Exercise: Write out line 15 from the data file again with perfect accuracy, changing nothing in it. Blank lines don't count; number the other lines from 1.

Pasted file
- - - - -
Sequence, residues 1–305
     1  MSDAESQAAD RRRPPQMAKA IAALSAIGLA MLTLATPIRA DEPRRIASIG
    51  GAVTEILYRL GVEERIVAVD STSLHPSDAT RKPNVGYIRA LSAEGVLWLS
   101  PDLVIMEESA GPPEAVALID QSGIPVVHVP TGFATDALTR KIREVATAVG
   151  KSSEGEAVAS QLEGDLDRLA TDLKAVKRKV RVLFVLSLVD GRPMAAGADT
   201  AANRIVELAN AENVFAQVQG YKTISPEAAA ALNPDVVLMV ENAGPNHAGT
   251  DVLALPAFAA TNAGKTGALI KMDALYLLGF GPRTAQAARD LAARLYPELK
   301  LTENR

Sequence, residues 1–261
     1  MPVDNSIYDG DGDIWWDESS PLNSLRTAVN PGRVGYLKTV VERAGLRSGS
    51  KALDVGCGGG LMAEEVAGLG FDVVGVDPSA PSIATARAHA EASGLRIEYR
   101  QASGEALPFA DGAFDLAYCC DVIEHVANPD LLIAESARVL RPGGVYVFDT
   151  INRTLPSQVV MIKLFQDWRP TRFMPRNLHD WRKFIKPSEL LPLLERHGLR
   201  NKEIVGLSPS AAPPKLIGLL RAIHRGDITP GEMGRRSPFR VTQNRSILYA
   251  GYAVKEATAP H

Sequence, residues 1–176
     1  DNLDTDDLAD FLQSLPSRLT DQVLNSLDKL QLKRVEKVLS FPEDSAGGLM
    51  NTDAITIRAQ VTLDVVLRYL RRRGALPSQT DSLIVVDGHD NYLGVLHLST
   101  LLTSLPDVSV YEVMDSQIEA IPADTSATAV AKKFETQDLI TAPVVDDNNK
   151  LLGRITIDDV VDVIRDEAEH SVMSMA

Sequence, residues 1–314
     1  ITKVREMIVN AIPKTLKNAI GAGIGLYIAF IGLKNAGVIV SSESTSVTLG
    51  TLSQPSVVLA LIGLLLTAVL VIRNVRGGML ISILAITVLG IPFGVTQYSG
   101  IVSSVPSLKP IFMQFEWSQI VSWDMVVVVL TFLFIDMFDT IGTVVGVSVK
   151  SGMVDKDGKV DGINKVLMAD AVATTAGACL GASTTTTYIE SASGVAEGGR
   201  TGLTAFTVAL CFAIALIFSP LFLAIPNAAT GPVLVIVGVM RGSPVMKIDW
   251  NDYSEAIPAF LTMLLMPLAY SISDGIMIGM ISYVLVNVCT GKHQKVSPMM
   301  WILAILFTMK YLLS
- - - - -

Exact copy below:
   251  GYAVKEATAP H